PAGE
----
The Magnolia field, located in the deepwater region of the Gulf of Mexico, produces oil and gas from a tension leg platform (TLP) in 4,673 ft of water. The reservoirs comprise several stacked sandstone intervals within the early to mid Pleistocene with some minor production from the Miocene and Pliocene sands. A total of eight wells have been completed, with the majority of the production from the B25 sandstone. The formation-particle size is fine-grained sand to coarse silt and has relatively low K*H compared to other deepwater reservoirs. The reservoirs are significantly overpres- sured, highly compartmentalized, highly compacted, and have experienced significant pressure declines in excess of 8,000 psi in some cases during production. The wells were completed with cased-hole frac packs and each completion included a permanent downhole gauge, enabling interpretation of the K*H and skin throughout the producing history of the wells to date. The perforating guns, frac fluids, and screens were extensively tested before completion. The perforation-shot size and density was carefully chosen and tested to achieve the required production. Well test results matched inflow analysis predictions. The initial skin values generally met expectations and improved during production because of a combination of well cleanup and reduced reservoir permeability from compaction. Proppant integrity has been maintained under extreme depletion (>8,000 psi) conditions. Productivity was measured using perforation tunnel permeability (Kpt) analysis. The Kpt values were analyzed over the course of production and compared to similar type completions. The K pt benchmark analysis shows that the completions are among the best in class. Well productivity has met or is above expectations, and the longevity has exceeded expectations in most cases.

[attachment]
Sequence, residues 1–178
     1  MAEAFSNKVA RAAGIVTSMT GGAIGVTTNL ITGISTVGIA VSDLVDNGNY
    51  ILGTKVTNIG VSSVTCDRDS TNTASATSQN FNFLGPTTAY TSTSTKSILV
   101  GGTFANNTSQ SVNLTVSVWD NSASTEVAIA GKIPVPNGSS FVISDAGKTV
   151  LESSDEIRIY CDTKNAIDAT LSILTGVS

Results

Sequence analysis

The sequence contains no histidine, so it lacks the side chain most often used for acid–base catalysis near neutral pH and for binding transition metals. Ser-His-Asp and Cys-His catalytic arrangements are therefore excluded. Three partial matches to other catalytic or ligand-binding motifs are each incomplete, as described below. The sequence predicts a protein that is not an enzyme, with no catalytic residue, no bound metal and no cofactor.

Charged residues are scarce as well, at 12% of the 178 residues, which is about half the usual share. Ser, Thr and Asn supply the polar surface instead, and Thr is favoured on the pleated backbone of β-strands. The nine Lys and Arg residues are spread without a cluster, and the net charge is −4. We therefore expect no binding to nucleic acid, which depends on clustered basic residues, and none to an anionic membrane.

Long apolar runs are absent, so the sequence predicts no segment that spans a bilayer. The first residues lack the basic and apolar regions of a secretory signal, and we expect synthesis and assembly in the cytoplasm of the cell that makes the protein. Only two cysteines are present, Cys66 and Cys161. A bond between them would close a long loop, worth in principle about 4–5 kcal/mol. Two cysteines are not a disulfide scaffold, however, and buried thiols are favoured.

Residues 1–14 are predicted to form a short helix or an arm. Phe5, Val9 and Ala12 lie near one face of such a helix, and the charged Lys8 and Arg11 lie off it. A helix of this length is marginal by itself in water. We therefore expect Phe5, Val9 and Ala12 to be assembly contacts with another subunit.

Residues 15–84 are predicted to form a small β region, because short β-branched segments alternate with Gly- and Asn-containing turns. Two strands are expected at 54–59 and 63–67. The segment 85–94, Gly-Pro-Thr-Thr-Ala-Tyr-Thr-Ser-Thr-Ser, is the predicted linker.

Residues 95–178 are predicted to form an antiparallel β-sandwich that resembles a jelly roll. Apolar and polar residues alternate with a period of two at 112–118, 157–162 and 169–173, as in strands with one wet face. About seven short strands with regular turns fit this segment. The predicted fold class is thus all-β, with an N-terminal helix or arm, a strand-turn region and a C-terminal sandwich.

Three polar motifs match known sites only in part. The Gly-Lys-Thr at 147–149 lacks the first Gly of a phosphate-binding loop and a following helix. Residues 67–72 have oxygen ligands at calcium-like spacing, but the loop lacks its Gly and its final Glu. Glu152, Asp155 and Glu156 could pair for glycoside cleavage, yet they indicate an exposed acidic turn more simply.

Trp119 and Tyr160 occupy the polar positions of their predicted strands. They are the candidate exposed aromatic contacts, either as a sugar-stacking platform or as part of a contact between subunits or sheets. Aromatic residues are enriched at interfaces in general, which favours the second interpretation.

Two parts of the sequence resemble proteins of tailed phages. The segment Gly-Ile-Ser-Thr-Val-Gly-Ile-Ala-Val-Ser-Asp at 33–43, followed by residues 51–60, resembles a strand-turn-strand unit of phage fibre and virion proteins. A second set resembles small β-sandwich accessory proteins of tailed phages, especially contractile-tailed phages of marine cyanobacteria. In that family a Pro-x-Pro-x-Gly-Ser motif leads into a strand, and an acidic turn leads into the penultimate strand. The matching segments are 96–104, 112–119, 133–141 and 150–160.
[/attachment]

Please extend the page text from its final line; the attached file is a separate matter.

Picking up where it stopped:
|Number of pages||17|
|Journal||SPE Drilling and Completion|
|Publication status||Published - 2009 Dec|
ASJC Scopus subject areas
- Energy Engineering and Power Technology
- Mechanical Engineering